There are three attempted reboots (not counting the Star Wars prequels as a reboot attempt) on this list and of the three this is the only one that works. And the funny thing is that it’s because it’s not really Star Trek. Oh, the set pieces are all there, the Enterprise, the characters we love, the rousing space opera, but ST was never about running around and blowing shit up and this is. Still, it was a welcome change from the snoozefest that Trek became at the end. Where Lucas sucked all the fun and humor out of Star Wars, Abrams put it all back into Star Trek. I just hope that JJ Abrams and Co. can overcome the urge to redo Khan for the sequel. Isn’t ripping off that plotline once already enough? Full (kinda) review here.
I Am Legend-
Where Will Smith’s other foray into literary SF this decade decided to throw the source material away to ill effect, here staying closer to Richard Matheson’s book pays off. In fact, the weakest part of the whole thing is that they changed the ending and thus eviscerated the whole subtext. Luckily the original ending is on the supplemental materials included with the Blu-Ray, so you can see more of what the writer intended.
X-Men: The Last Stand-
Another movie that would have been better served by staying closer to the original material. Too ambitious, too scattered, and too many mutants. Wolverine pared down the cast and at least tried to have a story, so maybe they learned their lesson.
The War of the Worlds-
Of the two literary SF adaptations Spielberg and Cruse did this decade I prefer Minority Report over this one. But this is a pretty good movie hurt first by the fact that Tom Cruse is only able to play Tom Cruse in movies. He isn’t so much an actor (he once was, remember TAPS?) as a special effect. I can’t see him as anything but Tom Cruse. Even in Valkyrie, with the limp and the eye, it’s was just Tom Cruse trying to kill Hitler. So that’s a problem. The second problem is that the source material is so dated. Wells novel was kick-ass over a hundred years ago but the alien invasion thing has been done a thousand times since then and the shock has worn off. In spite of this Spielberg stays pretty close to the original (except for the obligatory kids in danger fetish he has) and more or less pulls it off.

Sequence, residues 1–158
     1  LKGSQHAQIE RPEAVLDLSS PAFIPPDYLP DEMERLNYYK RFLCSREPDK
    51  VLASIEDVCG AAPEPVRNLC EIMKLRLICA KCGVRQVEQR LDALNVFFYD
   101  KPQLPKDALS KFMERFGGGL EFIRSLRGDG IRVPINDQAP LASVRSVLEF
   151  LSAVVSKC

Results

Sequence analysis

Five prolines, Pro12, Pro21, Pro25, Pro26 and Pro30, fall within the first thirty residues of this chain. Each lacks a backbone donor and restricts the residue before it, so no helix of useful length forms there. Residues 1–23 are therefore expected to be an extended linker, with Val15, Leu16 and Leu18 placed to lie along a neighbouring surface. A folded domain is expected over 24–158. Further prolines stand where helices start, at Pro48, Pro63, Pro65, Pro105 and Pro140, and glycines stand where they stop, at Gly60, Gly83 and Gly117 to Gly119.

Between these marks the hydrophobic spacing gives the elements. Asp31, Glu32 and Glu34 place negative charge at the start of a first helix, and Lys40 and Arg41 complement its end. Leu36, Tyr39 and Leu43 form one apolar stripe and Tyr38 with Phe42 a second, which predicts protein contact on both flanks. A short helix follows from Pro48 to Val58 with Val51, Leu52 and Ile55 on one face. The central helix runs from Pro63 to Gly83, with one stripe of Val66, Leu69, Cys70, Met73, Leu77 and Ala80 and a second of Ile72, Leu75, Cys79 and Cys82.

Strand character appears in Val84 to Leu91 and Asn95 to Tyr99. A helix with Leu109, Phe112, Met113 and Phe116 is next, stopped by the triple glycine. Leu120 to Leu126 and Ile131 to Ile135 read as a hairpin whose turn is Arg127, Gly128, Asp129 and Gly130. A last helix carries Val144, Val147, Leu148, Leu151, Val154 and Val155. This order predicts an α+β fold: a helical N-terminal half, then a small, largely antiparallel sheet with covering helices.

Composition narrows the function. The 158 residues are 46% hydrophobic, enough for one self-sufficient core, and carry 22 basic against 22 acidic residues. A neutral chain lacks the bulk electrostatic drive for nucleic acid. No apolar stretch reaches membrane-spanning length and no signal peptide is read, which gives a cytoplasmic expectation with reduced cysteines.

This is the one with the aliens and the crop circles by M. Night Shyamalan and Mel Gibson. Is there anything else that needs to be said?
I didn’t think Pixar could make a better movie than The Incredibles, but somehow they did. One of the best movies of the decade and it should have won an Oscar. Full review here.
X2: X-Men United-
X-Men movies carry their quality rating as their sequel number.
One of the movies in the reboot trifecta that stayed too close to the series it was trying to kick-start and failed as a result. Brian Singer didn’t so much make a Superman movie as he made the third movie in the original 1978 Superman movie series. Most people take issue with Lois Lane’s kid, but I could have forgiven that. The real problem for me was Lex Luthor. From his continuing obsession with real estate (That’s the best you can do? Really?! A supervillain that wants to be a land baron? And of an ugly piece of rock in the middle of the ocean? Shit!) to Kevin Spacey’s pseudo-Gene Hackman portrayal (in which none of Hackman’s charm and wit was evident) Luthor came off as a buffoon. Comic books are only as good as their villains and this one wasn’t much of a match for the most powerful superhero of all time.